There are a few things we want to see in 2018. A queer superhero. An end to the idiotic meanderings of misogynistic Star Wars fanboys. A new Cher album full of ABBA covers. All of these things will take time but luckily, there’s one thing we don’t have to wait for: kickass sci-fi heroines. Sure, there are a few on the big and small screen, but when it comes to tough-as-nails, complicated, morally questionable, mistresses of badassery, sci-fi is where it’s at. And because sifting through the practically endless choices of genre fiction is almost as daunting as scrolling through Netflix on a Friday night, we’ve rounded up a few sci-fi options, all featuring interesting, complex women at the center of the action.
Here are seven sci-fi books with girls who are kickin’ ass and taking names.
Legend – Marie Lu
Any self-respecting sci-fi lover has probably already devoured the delicious word feast that is Marie Lu’s Legend trilogy, but whether you’re coming to these books a fresh-eyed newbie or returning for seconds, you won’t be disappointed. The series follows two characters with distinct points of view. The first is a rebellious troublemaker named Day who’s accused of murder in the first book. The second, and the reason Lu’s dystopian tale makes it on this list, is June, a 15-year-old girl who proves to be Day’s equal in every way. June begins the series as a naïve young woman set on revenge and while we loved watching her thoroughly hands a bunch of dudes their asses, it’s the journey she goes on as the series progresses that truly makes her a heroine worth rooting for.
Carve the Mark – Veronica Roth
If you’ve read the Divergent series, you know two things: Veronica Roth is capable of some mind-blowing world-building in her writing, and she loves strong female leads. In Carve the Mark she only doubles-down on those two strengths, introducing an off-world planet inhabited by two very different societies. Cyra belongs to the Shotet, a harsh and violent people who have become accustomed to war and bloodshed. On top of that, she has a gift, a special power that allows her to inflict pain on others, but when she decides to fight her tyrannical brother for her freedom and for the man she’s beginning to love, Cyra learns that a person’s strength isn’t just measured by the number of people they’ve killed.
The 100 – Kass Morgan
Kass Morgan took an unlikely group of heroes, a band of juvenile delinquents, and made them responsible for saving the fate of mankind in her The 100 series. There are plenty of strong female characters in this one, but the main heroine is Clarke Griffin, a young woman forced into a position of leadership when she’s sent to the ground to see if Earth is habitable 100 years after a nuclear apocalypse. The rest of her people fight to survive in space on board a ship known as the Ark, but it’s Clarke who must gather her courage and learn to fend for herself if she’s to save humanity. Bonus: while it doesn’t strictly follow the plot of Morgan’s books, the CW show of the same name is a great companion watch if this series really draws you in. Which it will.
Defy the Stars – Claudia Gray
Another space adventure, this one from Claudia Gray follows a young woman named Noemi Vidal. An orphan, a solider, and a badass fighter pilot, Noemi serves the planet Genesis, an off-world colony of humans who escaped Earth after realizing the planet was basically doomed. Now that Earth’s resources are well and truly dried up, the government wants to claim Genesis as its new home. Of course, war breaks out and Noemi finds herself at the center of it when she stumbles upon an A.I. who’s programmed to follow her every command and who’s starting to become self-aware. Noemi is the best kind of heroine: driven, a bit sarcastic, bluntly-honest, and completely aware of how awesome she is. While most YA books focus on heroines “finding themselves” and “discovering their abilities,” Noemi already knows how capable she is and she’s not afraid to show it.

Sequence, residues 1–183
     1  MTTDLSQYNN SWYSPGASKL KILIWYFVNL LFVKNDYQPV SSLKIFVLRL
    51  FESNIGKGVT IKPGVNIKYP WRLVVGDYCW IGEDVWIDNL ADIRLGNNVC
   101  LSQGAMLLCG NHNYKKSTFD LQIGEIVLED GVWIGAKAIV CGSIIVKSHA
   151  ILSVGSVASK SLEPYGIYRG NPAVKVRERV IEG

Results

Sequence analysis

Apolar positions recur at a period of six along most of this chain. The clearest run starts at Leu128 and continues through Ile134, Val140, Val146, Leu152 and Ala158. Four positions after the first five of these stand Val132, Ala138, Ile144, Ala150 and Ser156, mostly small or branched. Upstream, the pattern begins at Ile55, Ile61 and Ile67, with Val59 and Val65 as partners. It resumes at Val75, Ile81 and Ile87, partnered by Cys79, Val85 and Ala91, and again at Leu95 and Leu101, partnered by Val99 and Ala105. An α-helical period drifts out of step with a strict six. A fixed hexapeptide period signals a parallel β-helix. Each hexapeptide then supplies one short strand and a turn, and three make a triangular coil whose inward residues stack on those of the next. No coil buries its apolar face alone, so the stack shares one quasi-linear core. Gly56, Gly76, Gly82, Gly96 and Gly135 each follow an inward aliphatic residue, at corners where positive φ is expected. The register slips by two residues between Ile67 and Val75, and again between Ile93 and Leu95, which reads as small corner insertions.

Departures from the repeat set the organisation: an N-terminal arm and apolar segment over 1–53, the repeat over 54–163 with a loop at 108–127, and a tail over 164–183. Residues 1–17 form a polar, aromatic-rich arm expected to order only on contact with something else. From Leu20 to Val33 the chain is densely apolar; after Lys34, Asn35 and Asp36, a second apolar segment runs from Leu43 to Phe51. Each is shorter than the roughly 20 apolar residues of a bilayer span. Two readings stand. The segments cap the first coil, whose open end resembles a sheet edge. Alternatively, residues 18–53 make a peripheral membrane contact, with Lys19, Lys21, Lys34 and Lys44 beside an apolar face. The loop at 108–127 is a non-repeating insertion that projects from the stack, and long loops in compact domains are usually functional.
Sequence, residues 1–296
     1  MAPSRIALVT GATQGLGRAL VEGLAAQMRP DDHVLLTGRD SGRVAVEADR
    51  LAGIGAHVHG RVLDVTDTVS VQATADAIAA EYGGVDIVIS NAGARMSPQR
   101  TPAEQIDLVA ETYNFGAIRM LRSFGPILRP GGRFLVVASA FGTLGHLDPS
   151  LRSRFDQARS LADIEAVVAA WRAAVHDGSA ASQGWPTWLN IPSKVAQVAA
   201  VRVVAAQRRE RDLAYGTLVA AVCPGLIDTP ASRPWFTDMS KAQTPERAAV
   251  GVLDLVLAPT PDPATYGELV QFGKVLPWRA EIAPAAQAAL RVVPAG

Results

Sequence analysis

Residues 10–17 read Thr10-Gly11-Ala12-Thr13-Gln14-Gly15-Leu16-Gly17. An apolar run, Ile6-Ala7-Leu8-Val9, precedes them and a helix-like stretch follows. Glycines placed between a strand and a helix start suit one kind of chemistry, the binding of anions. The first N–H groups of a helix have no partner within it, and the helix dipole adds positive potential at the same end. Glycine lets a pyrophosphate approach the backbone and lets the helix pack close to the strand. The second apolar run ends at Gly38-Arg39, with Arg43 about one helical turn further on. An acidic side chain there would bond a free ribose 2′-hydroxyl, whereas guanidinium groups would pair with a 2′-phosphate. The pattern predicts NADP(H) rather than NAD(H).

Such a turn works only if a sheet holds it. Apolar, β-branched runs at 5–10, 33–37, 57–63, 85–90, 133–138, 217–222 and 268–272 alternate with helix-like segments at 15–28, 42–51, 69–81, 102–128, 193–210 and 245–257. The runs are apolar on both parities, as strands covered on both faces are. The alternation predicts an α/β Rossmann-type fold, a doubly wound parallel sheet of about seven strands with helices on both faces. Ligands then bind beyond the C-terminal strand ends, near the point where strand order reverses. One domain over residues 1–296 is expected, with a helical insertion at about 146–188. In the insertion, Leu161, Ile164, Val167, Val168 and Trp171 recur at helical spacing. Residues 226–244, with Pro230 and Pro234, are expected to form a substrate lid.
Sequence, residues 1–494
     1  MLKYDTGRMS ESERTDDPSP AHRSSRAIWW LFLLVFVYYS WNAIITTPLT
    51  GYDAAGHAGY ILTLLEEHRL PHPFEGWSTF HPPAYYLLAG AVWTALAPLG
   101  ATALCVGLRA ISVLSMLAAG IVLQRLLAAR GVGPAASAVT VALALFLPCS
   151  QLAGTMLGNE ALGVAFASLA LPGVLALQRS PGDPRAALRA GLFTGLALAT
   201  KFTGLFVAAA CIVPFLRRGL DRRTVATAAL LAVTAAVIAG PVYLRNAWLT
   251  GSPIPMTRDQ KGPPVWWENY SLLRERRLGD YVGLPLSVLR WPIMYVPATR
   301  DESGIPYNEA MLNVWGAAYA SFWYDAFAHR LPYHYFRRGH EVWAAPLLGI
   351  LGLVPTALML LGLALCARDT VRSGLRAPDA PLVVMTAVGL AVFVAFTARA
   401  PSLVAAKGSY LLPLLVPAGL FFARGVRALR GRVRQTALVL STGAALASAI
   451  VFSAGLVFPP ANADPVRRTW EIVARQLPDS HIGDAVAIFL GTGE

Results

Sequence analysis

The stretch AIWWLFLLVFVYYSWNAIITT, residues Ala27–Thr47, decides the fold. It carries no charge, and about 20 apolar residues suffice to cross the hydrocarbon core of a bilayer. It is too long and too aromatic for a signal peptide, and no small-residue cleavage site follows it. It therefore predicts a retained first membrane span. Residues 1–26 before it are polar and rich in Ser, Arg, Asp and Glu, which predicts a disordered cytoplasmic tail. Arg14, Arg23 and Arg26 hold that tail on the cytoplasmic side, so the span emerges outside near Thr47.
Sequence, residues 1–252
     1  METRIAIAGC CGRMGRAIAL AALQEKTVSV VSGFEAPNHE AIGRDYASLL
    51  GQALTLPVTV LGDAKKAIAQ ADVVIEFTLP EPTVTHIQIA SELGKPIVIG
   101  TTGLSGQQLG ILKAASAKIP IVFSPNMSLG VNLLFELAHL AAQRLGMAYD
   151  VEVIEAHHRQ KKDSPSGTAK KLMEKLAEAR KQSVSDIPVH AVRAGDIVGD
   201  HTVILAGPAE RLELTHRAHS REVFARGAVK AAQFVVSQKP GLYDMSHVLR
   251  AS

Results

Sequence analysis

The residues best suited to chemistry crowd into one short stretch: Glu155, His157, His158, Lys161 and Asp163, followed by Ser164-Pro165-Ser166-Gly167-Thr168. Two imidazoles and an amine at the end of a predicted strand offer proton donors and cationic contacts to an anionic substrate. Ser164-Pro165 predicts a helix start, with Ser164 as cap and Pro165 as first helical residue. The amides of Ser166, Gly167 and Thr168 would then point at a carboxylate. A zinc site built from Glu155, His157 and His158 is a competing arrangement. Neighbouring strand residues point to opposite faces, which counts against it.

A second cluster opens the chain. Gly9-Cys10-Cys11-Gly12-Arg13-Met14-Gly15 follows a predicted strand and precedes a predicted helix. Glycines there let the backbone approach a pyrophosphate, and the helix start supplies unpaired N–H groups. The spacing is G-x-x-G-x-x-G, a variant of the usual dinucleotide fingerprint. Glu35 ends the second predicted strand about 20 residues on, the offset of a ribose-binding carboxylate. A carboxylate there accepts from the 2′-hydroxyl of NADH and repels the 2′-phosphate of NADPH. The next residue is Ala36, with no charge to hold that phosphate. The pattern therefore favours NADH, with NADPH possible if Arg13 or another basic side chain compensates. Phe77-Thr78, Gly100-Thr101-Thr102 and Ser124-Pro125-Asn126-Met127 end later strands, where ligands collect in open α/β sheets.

Empress of A Thousand Skies – Rhoda Belleza
Rhoda Belleza tackles a lot — racism, oppression, the plight of refugees, the role of propaganda and social media — in her space opera, Empress of a Thousand Skies. The main character Rhee is a descendant of a long line of warrior emperors. After her family is assassinated, she seeks revenge for the murder of her people while trying to evade assassination attempts and the media. Rhee is physically capable of defending herself, and she’s confident in her choices, even when faced with the burden of leadership and the price of fame.
The Stars Are Legion – Kameron Hurley
Even in the world of sci-fi, Kameron Hurley’s novel about a young woman who wakes up on an organic world ship with no memory of her past is a bit, well, out there. Zan is an all-around badass, a woman tasked with the impossible: make it onto the mothership Mokshi to find out why all of the ships are dying. Literally. These ships are living, breathing organisms that birth people, and in turn, people birth parts to the ship. If that wasn’t cool enough, Zan has a complicated, layered relationship with another warrior goddess, Jayd, which means we’re finally getting some queer representation in the outer realms.
The Long Way To A Small, Angry Planet – Becky Chambers
Becky Chambers’ crowdfunded novel became a bit of a sensation when it debuted just a few years ago. The story is a mix of Firefly meets Guardians of the Galaxy, with the action focusing on a rag-tag bunch of crewmembers aboard a spaceship known as the Wayfarer. Rosemary Harper, a Martian-born human, is the heroine of this tale, though we get to spend time with each colorful character of the crew. Rosemary is tough, resilient, and hiding a dark past, one that we uncover with every off-world adventure and intergalactic space jump.